Recent development in power sector and India's competitiveness

By Amit Kapoor,

Recent developments within the power sector merit attention.

The first of these is to do with performance of the coal sector and allocation of coal blocks. The second is about the focus on renewable energy and the benefits that can accrue to India. A third and a related point is about the structure of power institutions in the country and reasons why distribution companies (discoms) in particular and the power sector, in general, have under-performed. Also, what can be done to enhance its performance? All the three points are crucial to being understood if India is to enhance the competitiveness of its industry and the well-being of its people.

Will the infighting in AAP leadership disillusion the Aam Aadmi?

By Kaleem Kawaja,

At least twice before in 1977 and 1990 two major political parties that were formed to remove corrupt politics and bring in principled politics fell apart due to intense in-fighting among their senior leaders. In 1977, in the aftermath of the suppression of democracy and imposition of Emergency by the Congress party (Indira Gandhi), senior leaders headed by Jayaprakash Narayan (JP) and Morarji Desai, two highly principled leaders, formed the Janata Party. They had a great vision and a great start forming government at the center in 1977. Yet in three short years the Janata Party fell apart due to much internal bickering; the desire of some leaders to follow principled politics and of other leaders to make shot cuts and promote their own interests.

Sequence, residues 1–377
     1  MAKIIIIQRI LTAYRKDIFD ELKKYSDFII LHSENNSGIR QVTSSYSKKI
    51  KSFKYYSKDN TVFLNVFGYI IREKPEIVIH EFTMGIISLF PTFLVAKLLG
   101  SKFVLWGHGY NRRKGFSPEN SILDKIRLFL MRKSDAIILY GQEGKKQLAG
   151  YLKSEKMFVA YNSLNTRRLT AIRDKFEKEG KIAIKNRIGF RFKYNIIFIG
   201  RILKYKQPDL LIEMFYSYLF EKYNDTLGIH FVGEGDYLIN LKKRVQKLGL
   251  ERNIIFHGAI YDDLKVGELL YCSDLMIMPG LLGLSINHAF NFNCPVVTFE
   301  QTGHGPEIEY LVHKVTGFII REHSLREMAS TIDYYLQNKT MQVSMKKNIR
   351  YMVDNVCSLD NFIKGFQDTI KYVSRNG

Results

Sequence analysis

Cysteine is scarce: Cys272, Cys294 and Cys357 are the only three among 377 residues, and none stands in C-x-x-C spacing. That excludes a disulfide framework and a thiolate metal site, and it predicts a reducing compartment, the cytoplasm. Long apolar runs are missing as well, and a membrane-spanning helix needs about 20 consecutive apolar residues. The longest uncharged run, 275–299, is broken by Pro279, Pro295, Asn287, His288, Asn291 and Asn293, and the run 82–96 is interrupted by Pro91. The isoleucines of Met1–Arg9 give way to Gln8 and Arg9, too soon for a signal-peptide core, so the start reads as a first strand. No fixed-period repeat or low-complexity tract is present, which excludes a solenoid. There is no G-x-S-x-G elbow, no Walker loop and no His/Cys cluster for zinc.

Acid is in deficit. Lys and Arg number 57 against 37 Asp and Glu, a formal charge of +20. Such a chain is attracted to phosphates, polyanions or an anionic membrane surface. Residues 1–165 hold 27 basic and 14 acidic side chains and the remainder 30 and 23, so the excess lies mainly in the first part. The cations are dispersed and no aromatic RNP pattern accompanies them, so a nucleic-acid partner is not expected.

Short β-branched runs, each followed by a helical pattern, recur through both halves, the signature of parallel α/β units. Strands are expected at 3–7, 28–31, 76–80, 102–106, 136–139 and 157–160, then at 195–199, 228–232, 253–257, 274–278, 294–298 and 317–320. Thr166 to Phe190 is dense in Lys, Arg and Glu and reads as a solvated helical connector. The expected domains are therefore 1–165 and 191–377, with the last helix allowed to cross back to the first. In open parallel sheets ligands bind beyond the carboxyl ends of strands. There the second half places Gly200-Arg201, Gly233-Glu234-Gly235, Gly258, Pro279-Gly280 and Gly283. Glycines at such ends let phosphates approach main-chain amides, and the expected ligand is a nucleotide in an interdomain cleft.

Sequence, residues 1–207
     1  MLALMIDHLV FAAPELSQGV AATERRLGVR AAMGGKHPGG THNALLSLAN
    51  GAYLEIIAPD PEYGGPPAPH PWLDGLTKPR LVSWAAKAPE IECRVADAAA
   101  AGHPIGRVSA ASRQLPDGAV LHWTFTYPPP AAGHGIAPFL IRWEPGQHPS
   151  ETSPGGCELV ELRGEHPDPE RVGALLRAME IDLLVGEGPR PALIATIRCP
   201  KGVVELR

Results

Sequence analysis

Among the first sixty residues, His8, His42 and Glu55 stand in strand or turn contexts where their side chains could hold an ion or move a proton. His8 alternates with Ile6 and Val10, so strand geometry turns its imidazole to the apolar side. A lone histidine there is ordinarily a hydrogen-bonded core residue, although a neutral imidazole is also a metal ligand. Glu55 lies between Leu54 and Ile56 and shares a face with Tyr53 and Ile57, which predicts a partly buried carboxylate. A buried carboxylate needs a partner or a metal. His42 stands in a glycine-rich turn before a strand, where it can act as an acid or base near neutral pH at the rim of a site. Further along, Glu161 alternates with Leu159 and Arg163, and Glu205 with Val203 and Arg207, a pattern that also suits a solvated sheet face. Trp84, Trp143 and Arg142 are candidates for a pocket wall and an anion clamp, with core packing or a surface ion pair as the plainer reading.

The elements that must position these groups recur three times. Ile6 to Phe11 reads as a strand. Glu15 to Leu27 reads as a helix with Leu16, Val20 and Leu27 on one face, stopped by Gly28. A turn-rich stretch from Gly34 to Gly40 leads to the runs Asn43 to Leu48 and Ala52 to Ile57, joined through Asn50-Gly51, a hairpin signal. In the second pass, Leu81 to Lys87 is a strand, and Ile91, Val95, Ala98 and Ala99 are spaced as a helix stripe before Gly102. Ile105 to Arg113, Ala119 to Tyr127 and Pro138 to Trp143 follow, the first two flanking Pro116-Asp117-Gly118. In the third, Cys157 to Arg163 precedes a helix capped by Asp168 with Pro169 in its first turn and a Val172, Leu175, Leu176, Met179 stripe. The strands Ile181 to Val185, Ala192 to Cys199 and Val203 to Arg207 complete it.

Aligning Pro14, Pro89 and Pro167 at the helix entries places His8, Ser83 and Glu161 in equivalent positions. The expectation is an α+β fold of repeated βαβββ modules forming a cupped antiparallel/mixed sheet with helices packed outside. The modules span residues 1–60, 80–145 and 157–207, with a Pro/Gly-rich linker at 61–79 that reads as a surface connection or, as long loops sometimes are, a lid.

Captain Abbas Ali: a true patriot and son of the soil

By Qurban Ali,

Captain Abbas Ali was born on 3rd January 1920 at Khurja, Bulandshahr district of Uttar Pradesh in a Muslim Rajput Zamindar family. He belonged to the family of freedom fighters and one of his grandfather Rustam Ali Khan was hanged at Kala Aam in Bulandshahr district of then United Province now Uttar Pradesh after the mutiny of Great revolt of 1857. His father Janab Ayyub Ali Khan was Dafadar in British Army during First World War and served in Aden (Yemen). From his early days Captain Abbas Ali was inspired by the revolutionary ideas and somewhat romanticized towards the freedom movement.

Can India achieve its 100 GW solar target?

By Saptak Ghosh, Pooja Vijay Ramamurthi, Vaishalee Dash and Nagalakshmi Puttaswamy,

When the previous government launched the Jawaharlal Nehru National Solar Mission (JNNSM) in early 2010, the target of 22 GW by 2021-22 was considered unrealistic by most solar experts. Solar was considered too expensive for large-scale deployment.

However, the last few years have seen a dramatic decline in solar power costs, from Rs. 20 per unit to nearly Rs. 5.5 per unit. This has made the government perceive solar energy as an economically rationale choice for the country. Thus, it has raised the solar targets to 100 GW out of the proposed 175 GW of renewable energy. If these targets are met, India will join the ranks of the world's solar powerhouses in terms of installed capacity.